“The best way to find yourself is to lose yourself in the service of others.” ― Ghandi

Wednesday, June 13, 2012

Here comes the bride...

Wednesday June 13, 2012

Three marriage proposals in the last week ... I'm not sure I can keep up with all the demands of three men fighting over me. The first happened in the beginning of the week and I just kind of laughed it off because I thought he was joking. His name? Moses. He is a local flycatcher who has been following us around for the past three weeks. As mom puts it "he goes gaga every time he looks at me." When he first proposed he told me I was worth one cow... talk about a slap in the face. He then raised his price to two cows. You're probably thinking what on earth is she talking about, cows? Yes.. It is Tanzanian Maasai tradition for the male to pay his wife's family in cows for her hand in marriage. On average, one cow costs about 500,000 to 700,000 shillings which equates to about $300-450. After I found out how much one cow costs, I kind of felt bad for telling him I was worth more than that. He probably can only afford one cow, if that. I don't feel too bad though because Maasai are also entitled to more than one wife, so who knows how many other mzungu's he's trying to wed himself to. Since then, Moses has successfully seeked me out in a crowd of people and has made it nearly impossible to escape. He tells me that he has to win over the affection of my mother before he can proceed with our (mine and his) relationship. When he finds us on the streets of Moshi town he won't talk to me until he says "shikamoo mama" to my mom, then he directs his attention to me. For those wondering, shikamoo is a respectful way of saying hello to people older than yourself. Mom gets a kick out of the fact that he is trying to win her respect, and she says her new plan is to tell him that if he seriously wants to marry me then he will have to buy 1,000 cows. I think once he hears this he might change his mind about his marriage proposal.

As for the second marriage proposal, that happened last night. This individual told me that he loved me and he wanted to know if I loved him. Funny thing is, I know NOTHING about this person, and he knows NOTHING about me. He got offended when I asked "how can I love you when I don't know you". He told me "when you know, you know". I find it kind of funny because I've always been the kind of person who believed that when you loved someone you would just know. Perhaps he's correct, but unfortunately I just don't feel for him the same way he feels for me. African culture regarding relationships and marriage are a lot different here than they are in America, and I unknowingly accepted his marriage proposal. He handed me a simple red rose and I just thought he was being nice and giving me a flower. I know that in America the red rose is often associated with romance and affection but apparently in Africa it means you are accepting his love, so therefore his marriage proposal. I also learned that if he gives the woman a red rose in a crowd of people (which he did), that signifies he is serious and he's not ashamed to admit his love. Great for him, but bad for me... I've never been the kind of person that was good at rejecting people, so I'm not sure how to go about this. I've been warned by our friend Cessy that if I don't let him know how I feel now, than I will only be giving him hope and leading him on. I can already see that taking affect within the last 24 hours because he was very insistent that I had to give him an answer on whether or not I would give him a chance. He is also not too fond of other men talking to me or even looking at me. I wonder what he would do if he saw all the flycatchers who follow me around town...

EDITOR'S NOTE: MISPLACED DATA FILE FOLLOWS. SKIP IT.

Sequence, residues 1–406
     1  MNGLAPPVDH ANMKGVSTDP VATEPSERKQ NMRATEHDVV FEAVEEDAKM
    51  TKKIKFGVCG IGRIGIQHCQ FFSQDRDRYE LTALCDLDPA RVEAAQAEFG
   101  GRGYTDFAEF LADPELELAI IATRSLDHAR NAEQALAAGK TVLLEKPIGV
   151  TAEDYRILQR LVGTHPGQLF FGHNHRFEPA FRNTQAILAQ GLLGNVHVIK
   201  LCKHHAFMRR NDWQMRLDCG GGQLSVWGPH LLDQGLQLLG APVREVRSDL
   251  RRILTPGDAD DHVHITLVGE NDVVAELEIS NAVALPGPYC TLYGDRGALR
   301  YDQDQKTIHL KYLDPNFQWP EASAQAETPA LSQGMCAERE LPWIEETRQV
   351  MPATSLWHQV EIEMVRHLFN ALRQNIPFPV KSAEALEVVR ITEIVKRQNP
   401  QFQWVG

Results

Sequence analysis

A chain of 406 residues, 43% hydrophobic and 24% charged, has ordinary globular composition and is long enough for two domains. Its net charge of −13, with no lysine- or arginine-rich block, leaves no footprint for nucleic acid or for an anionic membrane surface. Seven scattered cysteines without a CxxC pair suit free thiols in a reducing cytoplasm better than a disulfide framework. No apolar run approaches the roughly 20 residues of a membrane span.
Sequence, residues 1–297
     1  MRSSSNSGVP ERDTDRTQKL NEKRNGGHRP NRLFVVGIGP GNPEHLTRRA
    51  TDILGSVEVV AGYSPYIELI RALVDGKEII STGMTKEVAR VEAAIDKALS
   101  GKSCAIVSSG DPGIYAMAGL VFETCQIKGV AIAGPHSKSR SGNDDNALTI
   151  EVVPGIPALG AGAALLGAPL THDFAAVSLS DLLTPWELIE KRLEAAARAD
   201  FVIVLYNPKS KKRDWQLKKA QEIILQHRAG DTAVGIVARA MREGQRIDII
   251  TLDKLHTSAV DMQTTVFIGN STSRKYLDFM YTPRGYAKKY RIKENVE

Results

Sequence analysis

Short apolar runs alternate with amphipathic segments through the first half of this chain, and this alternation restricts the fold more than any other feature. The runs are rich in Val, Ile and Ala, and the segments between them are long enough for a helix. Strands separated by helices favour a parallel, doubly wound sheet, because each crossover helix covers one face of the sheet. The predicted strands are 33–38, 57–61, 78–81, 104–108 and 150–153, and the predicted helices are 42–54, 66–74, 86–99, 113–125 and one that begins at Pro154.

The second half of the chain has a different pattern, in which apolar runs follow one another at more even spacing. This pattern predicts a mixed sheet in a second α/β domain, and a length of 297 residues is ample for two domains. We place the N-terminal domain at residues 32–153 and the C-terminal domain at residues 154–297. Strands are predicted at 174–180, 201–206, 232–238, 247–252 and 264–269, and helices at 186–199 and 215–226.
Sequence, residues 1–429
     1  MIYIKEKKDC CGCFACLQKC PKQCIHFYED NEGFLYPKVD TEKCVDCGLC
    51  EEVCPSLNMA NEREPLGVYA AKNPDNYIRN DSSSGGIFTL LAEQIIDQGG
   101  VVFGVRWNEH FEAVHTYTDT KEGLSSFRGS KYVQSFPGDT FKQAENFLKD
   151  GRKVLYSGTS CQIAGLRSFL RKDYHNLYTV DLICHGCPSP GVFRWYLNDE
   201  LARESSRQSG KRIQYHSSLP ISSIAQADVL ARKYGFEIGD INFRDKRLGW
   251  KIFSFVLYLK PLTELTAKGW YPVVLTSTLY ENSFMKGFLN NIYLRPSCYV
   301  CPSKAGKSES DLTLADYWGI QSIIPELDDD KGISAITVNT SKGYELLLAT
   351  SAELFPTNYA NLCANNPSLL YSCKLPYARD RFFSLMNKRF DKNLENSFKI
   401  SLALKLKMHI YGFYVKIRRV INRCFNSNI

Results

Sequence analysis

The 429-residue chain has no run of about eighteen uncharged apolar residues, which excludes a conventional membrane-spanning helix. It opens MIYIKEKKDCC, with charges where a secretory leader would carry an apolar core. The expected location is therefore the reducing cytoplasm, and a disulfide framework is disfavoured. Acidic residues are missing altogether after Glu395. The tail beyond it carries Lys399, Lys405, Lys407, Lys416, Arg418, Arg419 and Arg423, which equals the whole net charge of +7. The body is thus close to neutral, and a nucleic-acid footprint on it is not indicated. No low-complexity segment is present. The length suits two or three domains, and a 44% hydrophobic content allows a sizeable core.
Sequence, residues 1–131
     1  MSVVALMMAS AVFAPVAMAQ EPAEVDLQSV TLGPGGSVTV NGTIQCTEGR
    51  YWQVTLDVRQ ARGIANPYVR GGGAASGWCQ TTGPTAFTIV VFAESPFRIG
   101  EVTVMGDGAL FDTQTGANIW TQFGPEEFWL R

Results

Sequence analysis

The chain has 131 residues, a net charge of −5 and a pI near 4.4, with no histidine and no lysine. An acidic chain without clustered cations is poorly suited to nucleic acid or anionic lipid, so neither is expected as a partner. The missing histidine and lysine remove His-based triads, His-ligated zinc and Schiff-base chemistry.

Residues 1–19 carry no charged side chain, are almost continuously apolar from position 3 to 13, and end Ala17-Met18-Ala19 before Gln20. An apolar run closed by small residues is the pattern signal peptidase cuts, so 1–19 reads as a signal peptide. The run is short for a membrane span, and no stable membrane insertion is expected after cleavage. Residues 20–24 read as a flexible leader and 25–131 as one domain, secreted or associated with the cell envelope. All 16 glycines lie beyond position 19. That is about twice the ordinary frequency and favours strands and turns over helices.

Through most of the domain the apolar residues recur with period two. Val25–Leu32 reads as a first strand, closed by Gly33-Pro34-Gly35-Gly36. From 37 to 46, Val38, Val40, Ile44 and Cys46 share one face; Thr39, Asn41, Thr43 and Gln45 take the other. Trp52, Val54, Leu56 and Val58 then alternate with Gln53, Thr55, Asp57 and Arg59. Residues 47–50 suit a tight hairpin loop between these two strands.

The third and final marriage proposal, for now, occurred this afternoon on our way to lunch. This person happens to be another flycatcher, who knows fiance #1 (Moses). The best part is that he is the SAME person who sold a souvenir to my mother for three times the price we should of paid. I saw him this afternoon, while being held up with Moses, and told him in Swahili that he had ripped us off on this item. He then proceeded to tell me that I was beautiful and a very nice girl. Not exactly the answer I was expecting after I had just insulted him and his shop that he works for... A few minutes later I had had enough of all the flycatchers swarming us so I started to head towards the restaurant we were attempting to go to. He proceeded to follow us to the restaurant with his arm around my shoulders. In Swahili he said "wewe nimzuri sana" which translates to him thinking that I am great.. then in English he said he would like to make me his wife. Did I forget to mention that he's probably a 60 year old man, with dreads? All I could do was laugh, partially in disbelief and partially in disgust.

I'm starting to wonder how bad it would be if I didn't have my mother with me everyday walking through town. I have a feeling my marriage proposal count would be a lot higher if not for her being there. Luckily, I have people like Cessy who was able to spend a decent amount of time telling me all about the African culture regarding relationships and marriage. For now, no wedding dates have been set....

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